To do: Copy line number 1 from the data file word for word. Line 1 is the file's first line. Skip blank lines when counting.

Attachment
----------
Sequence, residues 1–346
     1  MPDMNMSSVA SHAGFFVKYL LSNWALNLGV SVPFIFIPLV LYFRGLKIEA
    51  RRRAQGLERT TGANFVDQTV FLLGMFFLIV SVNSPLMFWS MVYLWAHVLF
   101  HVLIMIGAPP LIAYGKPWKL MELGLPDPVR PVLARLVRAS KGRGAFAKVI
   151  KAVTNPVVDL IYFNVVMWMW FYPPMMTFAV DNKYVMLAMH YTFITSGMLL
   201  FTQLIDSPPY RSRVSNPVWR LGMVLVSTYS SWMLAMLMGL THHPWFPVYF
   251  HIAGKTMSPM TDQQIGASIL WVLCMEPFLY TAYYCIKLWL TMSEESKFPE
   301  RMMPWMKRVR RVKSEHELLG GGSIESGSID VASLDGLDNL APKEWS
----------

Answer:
Sequence, residues 1–346